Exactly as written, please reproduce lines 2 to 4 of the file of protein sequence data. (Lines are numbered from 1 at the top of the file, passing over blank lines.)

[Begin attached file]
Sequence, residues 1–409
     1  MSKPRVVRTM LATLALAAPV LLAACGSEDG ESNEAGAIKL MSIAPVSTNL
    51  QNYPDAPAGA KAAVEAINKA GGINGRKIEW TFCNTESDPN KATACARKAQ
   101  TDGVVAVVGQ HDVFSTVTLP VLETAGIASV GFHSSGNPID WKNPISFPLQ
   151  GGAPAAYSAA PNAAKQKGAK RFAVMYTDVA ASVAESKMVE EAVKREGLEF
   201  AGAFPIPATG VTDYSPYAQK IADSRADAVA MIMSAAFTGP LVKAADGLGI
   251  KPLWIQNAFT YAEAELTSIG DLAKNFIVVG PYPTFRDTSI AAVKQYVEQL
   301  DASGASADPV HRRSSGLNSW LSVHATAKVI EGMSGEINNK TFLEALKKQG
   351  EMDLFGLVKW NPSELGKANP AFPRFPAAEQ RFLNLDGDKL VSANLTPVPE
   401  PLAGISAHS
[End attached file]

     1  MSKPRVVRTM LATLALAAPV LLAACGSEDG ESNEAGAIKL MSIAPVSTNL
    51  QNYPDAPAGA KAAVEAINKA GGINGRKIEW TFCNTESDPN KATACARKAQ
   101  TDGVVAVVGQ HDVFSTVTLP VLETAGIASV GFHSSGNPID WKNPISFPLQ